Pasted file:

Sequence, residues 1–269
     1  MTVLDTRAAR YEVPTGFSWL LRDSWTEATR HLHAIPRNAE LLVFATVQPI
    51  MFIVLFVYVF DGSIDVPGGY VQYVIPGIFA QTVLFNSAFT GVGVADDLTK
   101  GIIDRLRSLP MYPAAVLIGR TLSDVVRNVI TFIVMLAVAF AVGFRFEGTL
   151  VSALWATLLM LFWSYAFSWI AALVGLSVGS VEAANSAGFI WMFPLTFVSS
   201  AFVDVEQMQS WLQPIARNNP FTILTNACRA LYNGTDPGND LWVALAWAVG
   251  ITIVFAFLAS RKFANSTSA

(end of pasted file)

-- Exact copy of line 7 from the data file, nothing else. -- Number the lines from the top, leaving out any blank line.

   251  ITIVFAFLAS RKFANSTSA